The circular stone aligns exactly with the centre stone at Boscawen-Un and the church at nearby St Buryan. While this may conceivably be coincidental, the precision of the alignment suggests an intentional positioning of the structures in relation to each other.

http://en.wikipedia.org/wiki/M%C3%AAn-an-Tol

Human beings have always been fascinated by stones. They symbolize something lasting, a permanent foundation. In the Bible, Jesus tells Peter he is the rock upon which the church will be built (Matthew16:18).

The church in the photo is St. Buryan’s. It is dedicated to Saint Buriana, an Irish saint, who is said to have cured the paralysed son of King Geraint of Dumnonia. http://commons.wikimedia.org/wiki/File:StBuryanChurchBehind.jpg

Buy Emily’s Shadow, a fantasy novel set in Tintagel, Cornwall

Visit Christina St. Clair’s website: www.christinastclair.com

St. Michael’s Mount in Cornwall

 

http://en.wikipedia.org/wiki/File:St_Michael%27s_Mount.jpg

St. Michael’s Mount is a sacred site in Cornwall about ninety miles from King Arthur’s Castle in Tintagel.  It is a small island accessible on foot when the tide is out and has been a place of pilgrimage for centuries. In 495 it is said hermit monks or local fishermen saw a vision of St. Michael standing on a ledge of rock on the island.

Step foot in a land where giants once walked. Legend says that a mythical giant named Cormoran once lived on the Mount, and he used to wade ashore and steal cows and sheep from the villagers to feed his gargantuan appetite. One night, a local boy called Jack rowed out to the island and dug a deep pit while the giant was asleep. As the sun rose, Jack blew a horn to wake the angry giant who staggered down from the summit and – blinded by the sunlight – fell into the pit and died.  http://www.stmichaelsmount.co.uk/Myths—Legends.aspx

Buy Emily’s Shadow, a fantasy novel set in Tintagel, Cornwall

Home Sweet Home

This is a stone cottage up for sale in Cornwall. Needs a little work, wouldn’t you say?

A few years back, my brother bought a cottage in Cornwall. His was not in such a state of disrepair, but had been modernized to some extent. He ripped out a wall and found a large walk-in fireplace. Alas his house had no central heating, as many houses did not. He had returned to England from Australia with plans to remain in his natal country, but he discovered his Cornish house was in the rainiest place in England. To make matters worse, the winter he spent in Cornwall was the coldest on record. He took his wife and new baby back to Australia.

Still, the idea of the village with a pub where locals hang out, a church where people congregate and sing hymns together, and a gardening club has appeal to me. I recently checked out housing prices in Cornwall. Looks like I’ll be staying home in Kentucky where the weather is warm, the houses are affordable, and people are friendly. No local pub though.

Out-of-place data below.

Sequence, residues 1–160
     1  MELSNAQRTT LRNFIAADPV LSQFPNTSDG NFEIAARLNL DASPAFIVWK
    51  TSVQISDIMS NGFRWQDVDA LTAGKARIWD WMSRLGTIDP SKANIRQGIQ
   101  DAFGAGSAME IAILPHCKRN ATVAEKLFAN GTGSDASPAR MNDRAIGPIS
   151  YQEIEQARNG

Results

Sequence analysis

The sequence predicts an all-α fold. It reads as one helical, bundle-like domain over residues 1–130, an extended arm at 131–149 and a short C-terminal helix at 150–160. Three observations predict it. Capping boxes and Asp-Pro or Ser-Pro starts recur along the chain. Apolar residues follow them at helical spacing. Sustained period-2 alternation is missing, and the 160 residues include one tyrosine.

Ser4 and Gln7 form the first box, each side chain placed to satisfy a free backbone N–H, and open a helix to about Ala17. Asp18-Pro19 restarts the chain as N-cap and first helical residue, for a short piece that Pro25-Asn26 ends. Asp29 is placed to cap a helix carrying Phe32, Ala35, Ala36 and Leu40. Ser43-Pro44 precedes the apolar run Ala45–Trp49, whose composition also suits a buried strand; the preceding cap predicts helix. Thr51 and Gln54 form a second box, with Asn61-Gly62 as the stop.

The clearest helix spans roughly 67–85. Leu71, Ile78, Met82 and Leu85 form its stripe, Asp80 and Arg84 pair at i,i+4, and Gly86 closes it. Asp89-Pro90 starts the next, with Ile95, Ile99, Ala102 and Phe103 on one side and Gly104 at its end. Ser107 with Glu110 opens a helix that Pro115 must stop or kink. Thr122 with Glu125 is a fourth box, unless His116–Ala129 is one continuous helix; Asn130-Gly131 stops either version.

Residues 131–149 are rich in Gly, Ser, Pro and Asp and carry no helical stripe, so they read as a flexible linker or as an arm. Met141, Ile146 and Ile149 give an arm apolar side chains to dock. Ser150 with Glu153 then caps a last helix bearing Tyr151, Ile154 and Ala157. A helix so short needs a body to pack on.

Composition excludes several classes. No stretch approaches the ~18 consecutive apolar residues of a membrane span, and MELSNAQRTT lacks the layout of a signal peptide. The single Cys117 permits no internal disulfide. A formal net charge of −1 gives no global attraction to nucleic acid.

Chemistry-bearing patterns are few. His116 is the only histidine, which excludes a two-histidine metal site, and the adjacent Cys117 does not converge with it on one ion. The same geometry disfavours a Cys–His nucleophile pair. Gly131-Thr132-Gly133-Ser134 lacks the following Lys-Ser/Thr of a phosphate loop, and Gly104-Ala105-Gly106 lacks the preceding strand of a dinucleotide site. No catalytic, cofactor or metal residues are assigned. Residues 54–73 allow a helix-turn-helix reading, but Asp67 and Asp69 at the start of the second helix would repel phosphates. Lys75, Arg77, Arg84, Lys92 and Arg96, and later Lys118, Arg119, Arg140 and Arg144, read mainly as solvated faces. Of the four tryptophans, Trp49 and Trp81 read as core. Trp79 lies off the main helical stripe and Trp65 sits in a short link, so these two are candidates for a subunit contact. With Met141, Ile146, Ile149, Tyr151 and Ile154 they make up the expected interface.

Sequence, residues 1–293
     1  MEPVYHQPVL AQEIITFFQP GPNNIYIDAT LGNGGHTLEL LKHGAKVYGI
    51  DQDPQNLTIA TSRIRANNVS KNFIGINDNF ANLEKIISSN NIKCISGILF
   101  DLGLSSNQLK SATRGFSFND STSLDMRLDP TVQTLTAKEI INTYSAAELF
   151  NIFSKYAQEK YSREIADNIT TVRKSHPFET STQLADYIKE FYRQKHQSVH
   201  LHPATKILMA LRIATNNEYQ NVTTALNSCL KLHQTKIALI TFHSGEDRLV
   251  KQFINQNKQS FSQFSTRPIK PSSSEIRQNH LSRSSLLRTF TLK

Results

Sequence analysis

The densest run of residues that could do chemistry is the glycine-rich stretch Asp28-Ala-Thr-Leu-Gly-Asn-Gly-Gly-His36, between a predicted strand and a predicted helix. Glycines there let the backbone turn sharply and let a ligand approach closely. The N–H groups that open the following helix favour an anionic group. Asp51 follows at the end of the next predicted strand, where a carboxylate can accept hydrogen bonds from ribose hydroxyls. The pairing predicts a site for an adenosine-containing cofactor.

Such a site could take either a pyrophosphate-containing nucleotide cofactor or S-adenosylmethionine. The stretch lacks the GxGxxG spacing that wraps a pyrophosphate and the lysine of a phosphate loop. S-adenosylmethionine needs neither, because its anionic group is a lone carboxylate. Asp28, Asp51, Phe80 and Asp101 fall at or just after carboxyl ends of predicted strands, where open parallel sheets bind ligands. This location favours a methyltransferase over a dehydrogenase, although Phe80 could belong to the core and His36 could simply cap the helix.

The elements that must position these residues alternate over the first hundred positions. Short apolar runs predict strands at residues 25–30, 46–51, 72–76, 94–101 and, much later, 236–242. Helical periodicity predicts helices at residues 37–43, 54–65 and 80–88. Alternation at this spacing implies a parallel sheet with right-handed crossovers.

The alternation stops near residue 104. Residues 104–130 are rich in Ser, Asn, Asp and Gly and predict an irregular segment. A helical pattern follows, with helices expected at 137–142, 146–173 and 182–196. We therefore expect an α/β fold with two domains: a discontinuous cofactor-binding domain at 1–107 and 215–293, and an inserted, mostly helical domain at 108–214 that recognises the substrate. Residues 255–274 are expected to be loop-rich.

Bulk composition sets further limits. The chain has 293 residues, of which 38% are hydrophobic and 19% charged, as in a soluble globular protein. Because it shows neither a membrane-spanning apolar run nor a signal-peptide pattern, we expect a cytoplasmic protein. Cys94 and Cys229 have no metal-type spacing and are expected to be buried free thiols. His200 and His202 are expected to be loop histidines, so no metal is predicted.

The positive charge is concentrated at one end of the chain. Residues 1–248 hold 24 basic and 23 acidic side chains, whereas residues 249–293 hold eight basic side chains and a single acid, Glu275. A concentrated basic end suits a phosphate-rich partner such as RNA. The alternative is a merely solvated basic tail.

Reference

http://images.rt-sb.net/CKW/ckw0830.JPG

Bodmin Moor: King Arthur’s Hall

Emily and her brother Byron, in Emily’s Shadow, mistakenly call the moor Bodwin rather than Bodmin, because many signs had been removed during war time to thwart the Nazis should they ever invade Britain. The map their father had was an old one and difficult to decipher; perhaps that’s why he got lost on his so-called short cut, much to his bride Carole’s irritation.

In the British sitcom, Doc Martin, to go Bod means to go insane.  Imagine walking around lost on a foggy day in this barren place where Druids once gathered, perhaps offering sacrifices to pagan gods beneath the monument now called King Arthur’s Hall.

King Arthur’s Hall (1) is …thought to be a late Neolithic or early Bronze Age ceremonial site.[1]

The monument consists of fifty-six stones arranged in a rectangle with a bank of earth around them and measures approximately 20m by 47m. The interior fills with water and a contemporary ground level has not been established.[2] It has suffered damage by cattle in the past and is now protected by a gated fence. It can be reached by footpaths east of St Breward.

Reference: (1)ttp://en.wikipedia.org/wiki/King_Arthur%27s_Hall

 

The Old Post Office in Tintagel, Cornwall

The old post office in Tintagel is a 14th-century yeoman’s farmhouse. It was called the post office because during the Victorian period, for fifty years it held a license to be the letter-receiving station for the district.

The old decaying building was bought in 1903 by the National Trust from Catherine Johns, a local artist, who tried to save the building. She kept it up through sales of prints by local artists. She sold it to the National Trust for £200.

It is a place now open to visitors. Inside, you will find Victorian postal memorabilia and 19th-century samplers (embroidery much like cross-stitching). There is also a fire in the hearth for cold winter days when the wind howls in from the sea.

In Emily’s Shadow, the post office had crooked roofs, thatched rather than slate, and it was also a working post office.

A pretty cottage garden full of flowers is in the back rather than the bench where Emily and her brothers went to eat their fish and chips, but I caution you if you visit, you may well sense the mystery of Merlin’s magic floating through the ether, giving you goose bumps.

References

http://www.nationaltrust.org.uk/main/w-tintageloldpostoffice

http://www.cornwall-calling.co.uk/national-trust/old_post_office_tintagel.htm